Mary Ellen Dirlam, MD, PhD, is an internal medicine physician on staff at Banner Good Samaritan Medical Center. Her office can be reached at (602) 839-3927.
Question: I get yeast infections every few months. Is this normal and how can I stop them?
Answer: Vaginal yeast infection, clinically known as candida vulvovaginitis, can occur for many reasons. The infection, which is characterized by vaginal itching, discomfort with urination or sexual intercourse, and/or the presence of a thick white discharge, results from an overgrowth of the naturally occurring yeast-like fungus, candida.
The use of antibiotics, hormonal contraceptives and contraceptive devices as well as conditions such as pregnancy, diabetes and an overall weakened immune system can hinder friendly bacteria in the body from regulating candida and, in turn, increase the risk of a yeast infection.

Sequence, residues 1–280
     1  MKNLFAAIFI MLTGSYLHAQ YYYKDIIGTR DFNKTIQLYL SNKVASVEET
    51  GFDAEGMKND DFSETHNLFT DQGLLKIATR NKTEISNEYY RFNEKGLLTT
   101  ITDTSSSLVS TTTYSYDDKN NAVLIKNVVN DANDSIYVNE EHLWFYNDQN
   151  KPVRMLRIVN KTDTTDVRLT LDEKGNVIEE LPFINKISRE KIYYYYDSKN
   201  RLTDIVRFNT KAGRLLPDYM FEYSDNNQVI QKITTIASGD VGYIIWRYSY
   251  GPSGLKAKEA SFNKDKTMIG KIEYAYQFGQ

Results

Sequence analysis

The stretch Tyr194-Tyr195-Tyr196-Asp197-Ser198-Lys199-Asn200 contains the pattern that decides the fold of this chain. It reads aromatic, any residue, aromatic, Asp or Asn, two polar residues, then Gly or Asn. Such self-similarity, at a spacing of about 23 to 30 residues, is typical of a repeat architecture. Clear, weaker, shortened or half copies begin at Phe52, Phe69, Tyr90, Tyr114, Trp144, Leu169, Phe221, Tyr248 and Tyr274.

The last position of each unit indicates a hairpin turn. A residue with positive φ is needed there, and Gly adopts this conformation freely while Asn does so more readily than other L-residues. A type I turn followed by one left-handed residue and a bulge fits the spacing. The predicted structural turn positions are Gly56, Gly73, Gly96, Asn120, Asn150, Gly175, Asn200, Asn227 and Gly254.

While the occurrence of yeast infections is generally sporadic, some women develop them more frequently. The condition is considered recurrent when a woman experiences more than four infections in a year.
Treatment for periodic yeast infections may include prescription oral or topical medications or over-the-counter topical therapies. Recurrent yeast infections, which should be evaluated by a health care provider, are usually treated with the same medications used for periodic infections, but for longer periods of time.
After a recurrent infection has been resolved, weekly treatments with oral or topical therapies may help prevent another infection. Unfortunately, oral probiotics, topical boric acid, and treating sexual partners have not proven effective in stopping yeast infections.
Ultimately, managing your underlying risk factors is the best approach when it comes to preventing yeast infections. If you suspect that you have recurrent yeast infections, contact your health care provider for evaluation.